Facts about Vincent van Gogh

Published November 3, 2011 | Updated August 10, 2015

The story of Vincent van Gogh's life is as dramatic as it gets in the world of art. Although his famous paintings are rich with bright colors and whimsical scenes, van Gogh suffered from several mental illnesses throughout his life that left him cripplingly anxious and often depressed. His short, but spectacular, career gave birth to the post-Impressionist movement and left the world with more than one iconic piece of art.

Facts about van Gogh:

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  • His Family

    Born in Holland in 1853, Vincent van Gogh was one of six children. Throughout his life, van Gogh was very close to his brother Theo. The pair lived together for a few years in Paris, and constantly kept in contact through letters when they weren't together. Their collection of letters is the reason so much is known about van Gogh's life and his thoughts on being an artist.

  • His Beginning in Art

    He started painting late in life. Vincent van Gogh was born into a long line of art dealers, but it wasn't until 1881 that he began drawing. At the age of 28, van Gogh had already tried working as a bookstore clerk, an art dealer, and a traveling preacher before deciding his real calling was to be an artist.

  • His Infamous Ear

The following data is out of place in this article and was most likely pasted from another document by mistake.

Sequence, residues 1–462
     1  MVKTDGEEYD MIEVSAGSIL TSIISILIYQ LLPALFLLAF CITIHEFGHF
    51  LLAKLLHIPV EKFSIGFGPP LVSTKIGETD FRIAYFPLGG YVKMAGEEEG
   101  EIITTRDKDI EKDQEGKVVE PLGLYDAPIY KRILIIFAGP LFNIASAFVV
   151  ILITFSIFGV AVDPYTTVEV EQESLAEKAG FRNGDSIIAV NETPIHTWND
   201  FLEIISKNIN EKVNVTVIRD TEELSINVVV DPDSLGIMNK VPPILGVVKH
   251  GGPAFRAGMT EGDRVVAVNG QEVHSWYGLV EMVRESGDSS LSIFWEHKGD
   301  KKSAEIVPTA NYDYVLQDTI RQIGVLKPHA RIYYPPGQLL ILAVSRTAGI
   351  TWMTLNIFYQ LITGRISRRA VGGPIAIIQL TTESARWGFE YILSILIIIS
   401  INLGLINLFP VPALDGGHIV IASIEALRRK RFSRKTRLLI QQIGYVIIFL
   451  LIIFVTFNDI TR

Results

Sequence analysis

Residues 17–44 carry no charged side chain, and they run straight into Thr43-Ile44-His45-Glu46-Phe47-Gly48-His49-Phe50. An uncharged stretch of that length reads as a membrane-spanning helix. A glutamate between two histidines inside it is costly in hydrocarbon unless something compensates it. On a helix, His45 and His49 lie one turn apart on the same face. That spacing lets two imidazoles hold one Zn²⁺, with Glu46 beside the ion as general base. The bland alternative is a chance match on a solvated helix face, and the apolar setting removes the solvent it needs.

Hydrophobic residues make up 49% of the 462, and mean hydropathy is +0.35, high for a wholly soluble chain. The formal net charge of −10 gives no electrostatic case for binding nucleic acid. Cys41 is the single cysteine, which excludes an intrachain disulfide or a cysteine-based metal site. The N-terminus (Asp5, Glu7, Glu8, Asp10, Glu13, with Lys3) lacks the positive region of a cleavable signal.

In 1888, van Gogh cut off his own ear. While living in Paris, van Gogh met fellow artist Paul Gauguin. They had a close friendship for two years, but it quickly turned tumultuous as the pair began to compete with each other. After one fight, Vincent van Gogh approached Gauguin with a razor blade, but ended up fleeing and cutting off his own ear at a brothel. After wrapping the wound with newspaper, van Gogh stumbled home and was found later by Gauguin.

  • His Self-Portraits

    Van Gogh worked at a feverish pace throughout his short career, sometimes producing almost 100 paintings a year. Toward the end of his life, van Gogh painted several self-portraits that he gave to family and friends. He painted 37 self-portraits in three years. In each painting, he painted himself looking into the mirror on the right side, leaving out his mutilated left ear.

  • His Death

    Van Gogh died from a gunshot wound. After suffering from several psychotic episodes, van Gogh committed himself to an asylum in 1889. He continued to paint intermittently when he was released one year later, but he considered his life and career a failure. In 1890, van Gogh was shot in the chest and died two days later. Long believed to have been the one who fired the deadly shot, recently uncovered evidence suggests that the gunshot was not self-inflicted after all.